This week, a fellow volunteer and I have taken charge of Grade 7, which was left without a teacher when another volunteer finished his two years of service. The Grade 7 learners (the official term for students in Namibia) are fascinating. They have achieved the impossible and are somehow simultaneously outspoken and shy. Eagerly, they shoot their hands into the air and snap for attention. Once they have been called on, then, they cover their mouths with their hands and whisper into their fingers. In total, the group is 38 learners, and this makes fitting into one room a challenge on its own.
Thursday, after identifying an available room with enough chairs for our large group, we continued the week’s topic of poetry. Monday, we had read a passage defining poetry. Tuesday, we had read New Dawn by Tumweneni Nghaamwa and listened to Phenomenal Woman by Maya Angelou. Actually, my Bluetooth speaker decided to stop working just for the occasion so we listened to me reading Phenomenal Woman over and over again. Wednesday, we defined simile, metaphor, and alliteration. Now, the day had come. For Thursday afternoon, we planned a joint construction activity. For anyone unfamiliar with teacher jargon, joint construction entails the teacher opening the floor to all of the students to write one finished product together. Having outspoken and shy learners puts such an activity at threat level crimson red for danger. Needless to say, it was an experiment. Here, traditional classrooms consist of a teacher who talks and learners who listen. Joint construction challenges these roles.
Thus, I was somewhat nervous. To assist our transition into such experimental teaching, I drafted a short list of rules that we were to follow during the activity. I announced that we would write one poem as a class, and I read my rules. The fifth and final rule explained that we choose the title of our poem by vote, and that the options are: a) The Namibian Sun, b) Our School, and c) Chickens. At this point, the learners’ faces already displayed befuddlement. I hoped for the best, and collected the ballots. The final tally: 25 for Our School and seven for Chickens.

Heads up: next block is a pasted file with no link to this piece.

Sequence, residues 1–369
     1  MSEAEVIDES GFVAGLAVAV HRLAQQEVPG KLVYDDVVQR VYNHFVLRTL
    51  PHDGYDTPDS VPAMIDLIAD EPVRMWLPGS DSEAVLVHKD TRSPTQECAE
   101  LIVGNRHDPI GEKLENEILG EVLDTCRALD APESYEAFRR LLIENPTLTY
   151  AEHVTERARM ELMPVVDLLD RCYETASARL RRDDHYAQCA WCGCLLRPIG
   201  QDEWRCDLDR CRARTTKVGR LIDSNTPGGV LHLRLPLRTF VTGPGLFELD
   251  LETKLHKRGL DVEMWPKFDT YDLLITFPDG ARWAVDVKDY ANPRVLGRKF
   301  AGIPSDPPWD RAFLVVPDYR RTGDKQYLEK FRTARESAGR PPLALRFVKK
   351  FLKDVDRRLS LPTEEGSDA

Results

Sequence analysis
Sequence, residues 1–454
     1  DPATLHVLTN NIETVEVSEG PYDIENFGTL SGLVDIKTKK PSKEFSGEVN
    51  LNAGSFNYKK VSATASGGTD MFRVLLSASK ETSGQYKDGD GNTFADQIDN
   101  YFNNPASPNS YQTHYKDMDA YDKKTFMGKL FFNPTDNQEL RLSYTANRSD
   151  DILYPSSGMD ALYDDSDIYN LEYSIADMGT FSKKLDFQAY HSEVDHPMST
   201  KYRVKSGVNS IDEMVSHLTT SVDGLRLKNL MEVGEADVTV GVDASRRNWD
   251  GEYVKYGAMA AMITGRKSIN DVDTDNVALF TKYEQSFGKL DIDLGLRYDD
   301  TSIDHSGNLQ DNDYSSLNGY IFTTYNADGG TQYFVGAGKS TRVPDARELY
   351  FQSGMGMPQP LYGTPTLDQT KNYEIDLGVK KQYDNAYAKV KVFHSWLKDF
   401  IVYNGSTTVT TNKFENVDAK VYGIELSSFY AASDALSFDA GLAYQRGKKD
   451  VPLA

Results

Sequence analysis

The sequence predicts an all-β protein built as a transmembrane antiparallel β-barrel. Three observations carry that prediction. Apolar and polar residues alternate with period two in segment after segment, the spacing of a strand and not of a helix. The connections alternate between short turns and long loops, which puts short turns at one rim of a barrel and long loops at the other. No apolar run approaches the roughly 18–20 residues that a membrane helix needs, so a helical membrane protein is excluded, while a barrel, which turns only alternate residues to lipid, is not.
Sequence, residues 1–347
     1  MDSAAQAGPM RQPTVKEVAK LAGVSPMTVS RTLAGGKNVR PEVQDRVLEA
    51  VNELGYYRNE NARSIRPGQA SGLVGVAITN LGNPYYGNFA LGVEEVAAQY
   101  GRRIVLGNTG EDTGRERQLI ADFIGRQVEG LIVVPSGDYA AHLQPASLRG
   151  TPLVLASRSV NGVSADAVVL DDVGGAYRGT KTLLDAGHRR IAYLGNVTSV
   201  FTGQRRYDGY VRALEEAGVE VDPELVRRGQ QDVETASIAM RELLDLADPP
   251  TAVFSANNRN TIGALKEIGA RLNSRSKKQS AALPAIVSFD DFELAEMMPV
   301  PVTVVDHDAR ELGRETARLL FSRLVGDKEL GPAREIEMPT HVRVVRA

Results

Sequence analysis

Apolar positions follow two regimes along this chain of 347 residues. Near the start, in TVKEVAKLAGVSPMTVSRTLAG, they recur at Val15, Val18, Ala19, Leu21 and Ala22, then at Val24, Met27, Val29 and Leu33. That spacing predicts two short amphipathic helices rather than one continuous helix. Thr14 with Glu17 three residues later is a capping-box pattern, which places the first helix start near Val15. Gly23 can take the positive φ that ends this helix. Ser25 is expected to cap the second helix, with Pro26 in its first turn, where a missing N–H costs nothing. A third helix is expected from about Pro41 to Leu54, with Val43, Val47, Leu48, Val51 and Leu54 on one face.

After writing Our School in large chalk letters at the top of the board, I turned to the class.
“Who wants to start? The first line can be anything. Who has an idea?”
Thirty-eight pairs of eyes found their way to the floor, the window, or made reluctant contact with my gaze. But, the room was silent.
After the initial confusion, one young lady raised her hand slowly and snapped her fingers. She quietly provided the first line. “Our school is beautiful.” Then, she sat down abruptly. A few others giggled, and some scoffed in the too-cool-for-school way. However, more hands followed.
Before too long we had four stanzas and 12 lines all together. We did have a problem, though. There were no figures of speech or devices. Having at least one simile, one metaphor, and one alliteration was Rule #4, and I reminded the learners of this. A few remarked under their breath that the poem should be about chickens.
With a little revision, and an awkwardly forced metaphor, we did it. They did it. Thirty-eight Grade 7’s who usually shout over each other in order to be the first to shyly hide their faces in their hands actually took turns and wrote a poem. It isn’t perfect. But, it is exactly what I wanted.
Our School by Grade 7 of Omusheshe Combined School
Our school is beautiful like a flower
Our school is very big and has many trees
Our school’s name is Omusheshe
At our school, we study social sciences and achieve our common goal
At our school, there are a lot of teachers
At our school we are 457
Our school is always participating in sports
Our participation is soft porridge
We eat it every day.
At our school, we have a lot of computers
At our school, we have a tack shop
At Omusheshe, we have good manners